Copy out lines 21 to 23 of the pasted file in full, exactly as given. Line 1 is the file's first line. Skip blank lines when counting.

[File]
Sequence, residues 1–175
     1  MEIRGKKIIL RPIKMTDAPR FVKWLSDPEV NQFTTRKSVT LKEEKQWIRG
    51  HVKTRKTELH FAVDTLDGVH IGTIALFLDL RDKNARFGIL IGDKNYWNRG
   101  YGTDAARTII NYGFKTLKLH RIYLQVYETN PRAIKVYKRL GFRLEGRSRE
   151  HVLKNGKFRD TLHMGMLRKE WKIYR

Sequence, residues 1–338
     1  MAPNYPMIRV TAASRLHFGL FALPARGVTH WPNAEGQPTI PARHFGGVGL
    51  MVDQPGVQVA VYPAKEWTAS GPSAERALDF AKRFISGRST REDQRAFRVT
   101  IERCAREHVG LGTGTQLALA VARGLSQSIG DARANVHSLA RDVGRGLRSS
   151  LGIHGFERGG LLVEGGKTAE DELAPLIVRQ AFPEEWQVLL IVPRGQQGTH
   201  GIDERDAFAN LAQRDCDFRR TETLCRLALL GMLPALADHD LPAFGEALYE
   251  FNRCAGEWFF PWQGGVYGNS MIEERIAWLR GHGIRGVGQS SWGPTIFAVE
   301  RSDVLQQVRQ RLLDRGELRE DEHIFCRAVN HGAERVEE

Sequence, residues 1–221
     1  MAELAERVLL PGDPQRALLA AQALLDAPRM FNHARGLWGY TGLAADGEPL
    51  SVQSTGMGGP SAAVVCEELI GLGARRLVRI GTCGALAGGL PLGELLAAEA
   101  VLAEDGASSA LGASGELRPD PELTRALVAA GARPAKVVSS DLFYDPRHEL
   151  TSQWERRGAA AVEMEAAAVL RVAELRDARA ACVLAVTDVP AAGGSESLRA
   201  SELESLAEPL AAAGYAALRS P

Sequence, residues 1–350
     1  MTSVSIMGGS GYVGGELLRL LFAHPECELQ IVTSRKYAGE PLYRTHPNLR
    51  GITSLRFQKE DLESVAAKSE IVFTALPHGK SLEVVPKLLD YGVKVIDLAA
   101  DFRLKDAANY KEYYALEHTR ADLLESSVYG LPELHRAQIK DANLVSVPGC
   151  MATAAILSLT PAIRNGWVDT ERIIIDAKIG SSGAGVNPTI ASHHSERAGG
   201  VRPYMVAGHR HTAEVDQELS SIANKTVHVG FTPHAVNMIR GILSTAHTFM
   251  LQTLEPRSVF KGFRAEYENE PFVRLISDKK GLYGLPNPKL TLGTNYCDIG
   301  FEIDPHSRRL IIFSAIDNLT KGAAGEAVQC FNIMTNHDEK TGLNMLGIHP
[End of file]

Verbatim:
     1  MTSVSIMGGS GYVGGELLRL LFAHPECELQ IVTSRKYAGE PLYRTHPNLR
    51  GITSLRFQKE DLESVAAKSE IVFTALPHGK SLEVVPKLLD YGVKVIDLAA
   101  DFRLKDAANY KEYYALEHTR ADLLESSVYG LPELHRAQIK DANLVSVPGC